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Open Access Open Badges Research article

Localization of the Carnation Italian ringspot virus replication protein p36 to the mitochondrial outer membrane is mediated by an internal targeting signal and the TOM complex

Yeen Ting Hwang1, Andrew W McCartney12, Satinder K Gidda1 and Robert T Mullen1*

Author Affiliations

1 Department of Molecular and Cellular Biology, University of Guelph, Guelph, Ontario, N1G 2W1, Canada

2 JD Irving, Limited, Woodlands Division, 1350 Regent Street, Fredericton, New Brunswick, E3C 2G6, Canada

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BMC Cell Biology 2008, 9:54  doi:10.1186/1471-2121-9-54

Published: 23 September 2008



Carnation Italian ringspot virus (CIRV) is a positive-strand RNA virus that causes massive structural alterations of mitochondria in infected host cells, the most conspicuous being the formation of numerous internal vesicles/spherules that are derived from the mitochondrial outer membrane and serve as the sites for viral RNA replication. While the membrane-bound components of the CIRV replication complex, including a 36-kD RNA-binding protein (p36), are known to be essential for these changes in mitochondrial morphology and are relatively well characterized in terms of their roles in nascent viral RNA synthesis, how these proteins are specifically targeted and inserted into mitochondria is poorly defined.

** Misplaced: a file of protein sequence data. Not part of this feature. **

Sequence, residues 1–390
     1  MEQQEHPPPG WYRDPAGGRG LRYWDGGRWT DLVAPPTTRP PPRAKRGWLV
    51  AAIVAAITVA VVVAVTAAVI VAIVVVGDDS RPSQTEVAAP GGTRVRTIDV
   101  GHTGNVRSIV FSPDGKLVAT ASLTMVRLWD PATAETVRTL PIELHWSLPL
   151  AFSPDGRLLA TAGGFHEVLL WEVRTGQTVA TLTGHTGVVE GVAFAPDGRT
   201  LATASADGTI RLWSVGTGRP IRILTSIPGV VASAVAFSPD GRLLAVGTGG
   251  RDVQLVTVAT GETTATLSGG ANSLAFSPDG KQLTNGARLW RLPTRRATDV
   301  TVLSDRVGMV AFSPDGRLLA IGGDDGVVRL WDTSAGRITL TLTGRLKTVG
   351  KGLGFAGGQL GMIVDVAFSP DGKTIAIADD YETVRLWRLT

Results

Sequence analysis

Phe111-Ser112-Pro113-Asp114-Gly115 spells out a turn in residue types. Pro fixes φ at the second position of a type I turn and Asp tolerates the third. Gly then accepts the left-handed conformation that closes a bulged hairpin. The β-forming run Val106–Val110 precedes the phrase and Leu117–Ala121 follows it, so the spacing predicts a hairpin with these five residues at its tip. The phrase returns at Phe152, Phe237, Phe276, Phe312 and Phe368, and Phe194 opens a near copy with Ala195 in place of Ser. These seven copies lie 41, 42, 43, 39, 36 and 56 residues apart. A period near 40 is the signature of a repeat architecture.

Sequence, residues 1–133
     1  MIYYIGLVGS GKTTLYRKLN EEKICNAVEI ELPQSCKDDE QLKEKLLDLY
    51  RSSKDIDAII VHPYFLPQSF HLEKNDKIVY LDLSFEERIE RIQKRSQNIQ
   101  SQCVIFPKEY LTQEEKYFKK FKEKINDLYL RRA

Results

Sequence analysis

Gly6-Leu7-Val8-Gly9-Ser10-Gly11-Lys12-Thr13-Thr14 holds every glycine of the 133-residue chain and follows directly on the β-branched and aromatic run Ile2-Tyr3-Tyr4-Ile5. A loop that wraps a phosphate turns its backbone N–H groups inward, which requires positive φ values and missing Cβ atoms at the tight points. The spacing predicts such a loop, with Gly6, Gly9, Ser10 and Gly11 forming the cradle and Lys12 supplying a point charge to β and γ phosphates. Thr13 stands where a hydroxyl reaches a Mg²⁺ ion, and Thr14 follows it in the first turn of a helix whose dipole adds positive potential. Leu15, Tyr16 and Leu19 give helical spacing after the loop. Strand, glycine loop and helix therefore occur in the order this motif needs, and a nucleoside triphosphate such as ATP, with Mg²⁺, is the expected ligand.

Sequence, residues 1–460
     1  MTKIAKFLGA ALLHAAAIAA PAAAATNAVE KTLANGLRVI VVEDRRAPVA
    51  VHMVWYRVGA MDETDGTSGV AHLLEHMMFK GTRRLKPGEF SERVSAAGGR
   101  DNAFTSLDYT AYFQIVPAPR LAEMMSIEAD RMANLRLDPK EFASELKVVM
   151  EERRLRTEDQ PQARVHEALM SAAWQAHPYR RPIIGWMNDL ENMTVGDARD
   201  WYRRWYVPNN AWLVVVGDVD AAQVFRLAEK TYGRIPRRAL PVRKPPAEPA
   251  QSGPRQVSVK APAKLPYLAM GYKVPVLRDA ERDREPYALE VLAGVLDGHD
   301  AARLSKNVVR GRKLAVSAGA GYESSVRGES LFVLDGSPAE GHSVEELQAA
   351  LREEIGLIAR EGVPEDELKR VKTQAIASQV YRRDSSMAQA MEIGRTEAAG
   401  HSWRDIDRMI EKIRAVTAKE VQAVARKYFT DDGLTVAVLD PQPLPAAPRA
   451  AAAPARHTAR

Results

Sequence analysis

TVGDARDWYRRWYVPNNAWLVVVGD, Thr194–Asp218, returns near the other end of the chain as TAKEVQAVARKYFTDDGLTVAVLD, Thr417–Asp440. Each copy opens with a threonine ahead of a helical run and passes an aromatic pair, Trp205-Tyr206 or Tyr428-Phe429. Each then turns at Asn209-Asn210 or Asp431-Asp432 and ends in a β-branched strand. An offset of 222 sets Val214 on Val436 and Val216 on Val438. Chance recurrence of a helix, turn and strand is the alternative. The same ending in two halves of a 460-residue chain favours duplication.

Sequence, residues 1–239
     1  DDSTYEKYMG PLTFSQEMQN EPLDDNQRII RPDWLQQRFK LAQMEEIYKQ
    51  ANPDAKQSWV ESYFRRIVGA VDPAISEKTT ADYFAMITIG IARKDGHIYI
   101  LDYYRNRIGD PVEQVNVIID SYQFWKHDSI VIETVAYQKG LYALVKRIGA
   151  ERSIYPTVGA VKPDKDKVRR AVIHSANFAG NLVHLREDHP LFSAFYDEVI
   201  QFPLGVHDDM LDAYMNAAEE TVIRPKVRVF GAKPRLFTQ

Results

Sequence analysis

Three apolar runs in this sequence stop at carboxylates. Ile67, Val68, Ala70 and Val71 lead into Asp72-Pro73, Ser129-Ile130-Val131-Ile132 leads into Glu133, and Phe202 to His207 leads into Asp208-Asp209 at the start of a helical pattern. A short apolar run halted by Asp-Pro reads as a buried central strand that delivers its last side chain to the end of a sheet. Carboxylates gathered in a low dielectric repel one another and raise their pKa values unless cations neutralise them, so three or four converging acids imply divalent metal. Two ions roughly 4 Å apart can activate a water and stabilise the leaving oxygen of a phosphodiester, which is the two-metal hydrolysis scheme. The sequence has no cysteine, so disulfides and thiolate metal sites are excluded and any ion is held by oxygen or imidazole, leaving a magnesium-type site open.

Here we report on the molecular signal responsible for sorting p36 to the mitochondrial outer membrane. Using a combination of gain-of-function assays with portions of p36 fused to reporter proteins and domain-swapping assays with p36 and another closely-related viral RNA-binding protein, p33, that sorts specifically to the peroxisomal boundary membrane, we show that the mitochondrial targeting information in p36 resides within its two transmembrane domains (TMDs) and intervening hydrophilic loop sequence. Comprehensive mutational analysis of these regions in p36 revealed that the primary targeting determinants are the moderate hydrophobicity of both TMDs and the positively-charged face of an amphipathic helix within the intervening loop sequence. We show also using bimolecular fluorescence complementation (BiFC) that p36 interacts with certain components of the translocase complex in the mitochondrial outer membrane (TOM), but not with the sorting and assembly machinery (SAM).


Our results provide insight to how viruses, such as CIRV, exploit specific host-cell protein sorting pathways to facilitate their replication. The characterization of the targeting and insertion of p36 into the mitochondrial outer membrane also sheds light on the mechanisms involved in sorting of host-cell membrane proteins to mitochondria, a process that has been largely unexplored in plants.